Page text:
Wounded turtle Kfir returns to sea after treatment in Israel

Kfir's injuries were likely caused by a shockwave from an underwater explosion.

Wounded green sea turtle Kfir returning to the Mediterranean Sea. (photo credit: LUCIANA BRESLER)
Wounded green sea turtle Kfir returning to the Mediterranean Sea.
(photo credit: LUCIANA BRESLER)
Kfir, a wounded green sea turtle, was released to the sea near Wingate Institute after receiving lifesaving treatment in Israel, the Nature and Parks Authority (NPA) said Saturday.

According to the authority, Kfir arrived at NPA's Mevoot Yam Sea Turtle Rescue Center over 1.5 years ago, back in March of 2019. He was weak and slim and sufferd an injury to his right eye. 

According to the NPA, Kfir received emergency medical treatment and was hospitalized in an intensive care unit. He then underwent more in-depth tensting by Dr. Tzachi (Yitzhak) Eisenberg at the Kol Chai veterinary clinic.

A CT scan done by Eisenberg found Kfir had liquid in his lungs and ears and that his right cornea was damaged. Such injuries, according to the NPA, were likely caused by a shockwave from an underwater explosion

The origin of the mysterious explosion off Israel's Mediterranean coast has yet to be determined. A team of scientists was established in early 2019 to examine a wave of similar shockwave injuries to sea turtles that were hospitalized in Israeli veterinary clinics.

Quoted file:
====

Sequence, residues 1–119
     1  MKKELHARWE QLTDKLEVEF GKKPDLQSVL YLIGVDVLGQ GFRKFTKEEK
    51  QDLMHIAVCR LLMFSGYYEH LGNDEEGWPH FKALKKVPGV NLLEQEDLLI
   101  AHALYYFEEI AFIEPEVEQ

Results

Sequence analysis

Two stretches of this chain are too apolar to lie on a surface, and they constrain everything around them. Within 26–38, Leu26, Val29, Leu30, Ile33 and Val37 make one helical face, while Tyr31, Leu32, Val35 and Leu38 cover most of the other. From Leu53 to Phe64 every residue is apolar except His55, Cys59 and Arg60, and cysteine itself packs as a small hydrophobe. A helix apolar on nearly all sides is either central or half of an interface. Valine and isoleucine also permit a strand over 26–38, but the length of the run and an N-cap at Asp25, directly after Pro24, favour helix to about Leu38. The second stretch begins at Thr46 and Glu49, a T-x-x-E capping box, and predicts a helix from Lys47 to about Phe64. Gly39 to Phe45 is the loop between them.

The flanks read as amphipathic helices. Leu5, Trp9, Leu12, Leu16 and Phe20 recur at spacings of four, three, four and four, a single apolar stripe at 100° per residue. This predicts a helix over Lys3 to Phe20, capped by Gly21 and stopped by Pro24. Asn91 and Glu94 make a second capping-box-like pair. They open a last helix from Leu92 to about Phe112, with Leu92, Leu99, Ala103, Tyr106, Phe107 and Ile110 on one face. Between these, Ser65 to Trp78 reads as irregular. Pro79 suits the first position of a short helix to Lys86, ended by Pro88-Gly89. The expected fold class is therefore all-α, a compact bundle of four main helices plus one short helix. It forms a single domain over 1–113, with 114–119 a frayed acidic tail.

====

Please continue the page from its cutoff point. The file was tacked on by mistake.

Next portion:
Following a rehabilitation process that took just over a year and a half, Kfir was released to the sea in a small ceremony, surrounded by those who helped him through his journey. The ceremony was conducted in accordance with recent coronavirus restrictions.

Seven sea turtle species exist in the world and all are considered endangered. According to the NPA, only three of the seven species can be found in the Mediterranean Sea: the green sea turtle (the Pacific green turtle), the loggerhead sea turtle and the leatherback sea turtle.

The green sea turtle population is the smallest of all three in the Mediterranean Sea. A group of newly-hatched baby turtles was collected by the Sea Turtle Rescue Center in 2002 in order to preserve the species. 

As the turtles reached sexual maturity, a captive breeding center was recently established and since 2019 the females have been laying healthy eggs.

The Nature and Parks Authority called upon all Israelis to look out for wounded sea turtles or ones in distress on Israel's coast and notify the center at the number *3639.